FunNature & AnimalThree Spanish wetlands that you probably did not know

Three Spanish wetlands that you probably did not know

The Ramsar List of Wetlands of International Importance includes more than 2,000 worldwide. Of all of them, Spain has 76. Andalusia has 25 of them, some as important and famous as Doñana or the Bay of Cádiz. In the rest of the territory, the Tablas de Daimiel stand out, in Ciudad Real, the Zamoran Lagunas de Villafáfila or the mistreated Mar Menor. But there are many other relevant wetlands in the national territory, whether due to their ecological characteristics, their richness of species or the presence of endemic species, which do not enjoy the same fame.

The Maritime-Terrestrial National Park of the Atlantic Islands of Galicia

Although this area is known for the sad events caused by the sinking of the Prestige oil tanker at the end of 2002, it is not usually identified as a “wetland”; in fact, it is the most recent Spanish wetland to enter the Ramsar list. It is made up of a total of 10 islands —among which the Cíes Islands stand out— and 14 islets, and the marine region that surrounds them.

It is described as a landscape of sea and stone . In its territory, which presents marine, coastal and terrestrial environments, there are a total of 17 types of habitat related to the wetland, including a total of 51 sea caves, extraordinary cliffs covered by bands of vegetation, and more than a thousand coastal lagoons.

As for its richness, it presents more than a thousand different species of animals , and another 416 of flora. Among them, endangered species such as the harbor porpoise, the Basque whale, or the critically endangered leatherback turtle stand out, as well as many species of birds such as the maned shearwater, the curlew, the common guillemot, the sooty gull or the yellow-legged gull In addition, these archipelagos have 40 Iberian endemisms , three of them exclusive to the region, among which the Stenosis oteroi gallaecicum beetle stands out.

Ullibarri-Gamboa Reservoir

In this case, and unlike the previous case, we are talking about an artificial wetland system . It is a reservoir whose dam was built in 1956 to supply the cities of Vitoria-Gasteiz and Bilbao with water and energy. Of the entire reservoir, the tails of Zadorra, to the east, and Mendixur, to the south, are on the Ramsar list.

Despite its proximity to the capital of Alava, it is surrounded by natural surroundings . The Provincial Parks of Landa, to the north, and Garaio, located between its tails, stand out. Areas dominated by oak groves and willow forests on the riverbanks.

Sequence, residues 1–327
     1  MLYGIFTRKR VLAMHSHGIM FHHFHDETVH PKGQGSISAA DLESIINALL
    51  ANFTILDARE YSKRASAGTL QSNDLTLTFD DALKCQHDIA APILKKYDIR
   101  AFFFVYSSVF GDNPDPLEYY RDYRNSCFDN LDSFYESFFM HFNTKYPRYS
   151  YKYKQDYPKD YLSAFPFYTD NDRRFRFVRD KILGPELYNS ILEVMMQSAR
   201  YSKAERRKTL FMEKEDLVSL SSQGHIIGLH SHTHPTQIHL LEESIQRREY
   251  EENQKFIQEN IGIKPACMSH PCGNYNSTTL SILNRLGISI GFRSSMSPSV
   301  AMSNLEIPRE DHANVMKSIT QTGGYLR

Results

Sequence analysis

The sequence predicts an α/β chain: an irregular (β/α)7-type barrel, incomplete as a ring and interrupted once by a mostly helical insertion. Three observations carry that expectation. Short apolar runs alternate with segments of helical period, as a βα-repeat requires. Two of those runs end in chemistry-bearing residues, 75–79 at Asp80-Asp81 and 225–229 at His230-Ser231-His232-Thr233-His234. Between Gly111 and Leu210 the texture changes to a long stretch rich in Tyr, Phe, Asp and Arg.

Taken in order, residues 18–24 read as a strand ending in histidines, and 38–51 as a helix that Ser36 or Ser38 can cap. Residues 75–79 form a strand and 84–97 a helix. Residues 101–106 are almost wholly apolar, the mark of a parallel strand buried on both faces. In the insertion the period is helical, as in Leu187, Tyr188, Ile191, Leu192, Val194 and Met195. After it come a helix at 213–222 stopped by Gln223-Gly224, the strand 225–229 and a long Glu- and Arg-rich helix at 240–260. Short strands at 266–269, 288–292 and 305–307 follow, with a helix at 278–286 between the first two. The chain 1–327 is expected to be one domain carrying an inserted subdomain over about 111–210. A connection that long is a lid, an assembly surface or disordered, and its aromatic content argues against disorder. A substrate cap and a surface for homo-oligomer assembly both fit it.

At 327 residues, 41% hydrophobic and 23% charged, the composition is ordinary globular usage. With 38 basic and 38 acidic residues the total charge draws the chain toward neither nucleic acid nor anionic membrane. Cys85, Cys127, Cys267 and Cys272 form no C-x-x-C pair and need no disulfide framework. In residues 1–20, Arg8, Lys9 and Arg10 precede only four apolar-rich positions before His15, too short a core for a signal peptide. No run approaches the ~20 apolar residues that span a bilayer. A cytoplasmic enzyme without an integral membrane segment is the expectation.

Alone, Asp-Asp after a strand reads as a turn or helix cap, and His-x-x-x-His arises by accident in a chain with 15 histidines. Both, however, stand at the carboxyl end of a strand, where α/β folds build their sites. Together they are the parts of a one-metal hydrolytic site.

Despite being an artificial wetland, it represents a key location for a large number of birds, highlighting the Mendixur Ornithological Park , a Special Conservation Area of the Natura 2000 Network, located in the queue of the same name. There you can see bitterns, cinnamon jars, brown pochards and ospreys, all of them critically endangered according to the Red Book of Spanish Birds . The red duck also stands out, of which in some years more than 450 individuals have been counted. Among the mammals, several families of European mink can be found, threatened by the invasive American mink .

Lagoons of Raso de Portillo

This small area is located between the Valladolid municipalities of La Pedraja de Portillo and Aldeamayor de San Martín . That area was a wetland, until its desiccation at the end of the 19th century for agricultural use and as a way to fight malaria transmitted by mosquitoes, and only a small seasonal lagoon remained. The restoration of the area, which was carried out by the Duero Hydrographic Confederation , was carried out between 2012 and 2014, and today the area is made up of the original lagoon, two more artificial lagoons, the Arroyo del Molino —also called Santa María—and the surrounding land. This wetland, which today is not yet among those that make up the Ramsar list, is considered mixed: natural and artificial .

The restoration of this wetland is a good example of how a natural area can be recovered so that it can increase its ecosystem value and recover its former richness , and that can also be visited with few impacts. During its recovery, alder and almond trees were planted to improve the state of the existing vegetation, and the artificial lagoons were connected with the natural one and the stream, through an underground system that helps maintain them. Some central islets were also maintained in both lagoons, which have allowed the nesting of birds, which have returned to this area. These include storks and stilts, shovelers, mallards, coots, plovers, warblers, bee-eaters, and bustards have been sighted.

Andrés, T., Onrubia, A., de Buruaga, MS, Cirujano, S., & Ausejo, JS (2006). Ramsar Wetlands Information Sheet: Tails of the Ullibarri-Gamboa Reservoir.

CHD. (2012). Presentation of the restoration project for the Lagunas del Raso de Portillo.

Madroño, A., González, C., & Atienza, JC (Eds.). (2004). Red book of the birds of Spain (1. ed). Spanish Society of Ornithology (SEO/BirdLife).

WEDNESDAY (2021). Information Sheet of the Ramsar Wetlands: Maritime-Terrestrial National Park of the Atlantic Islands of Galicia.

WEDNESDAY (2022). The Spanish Ramsar list.


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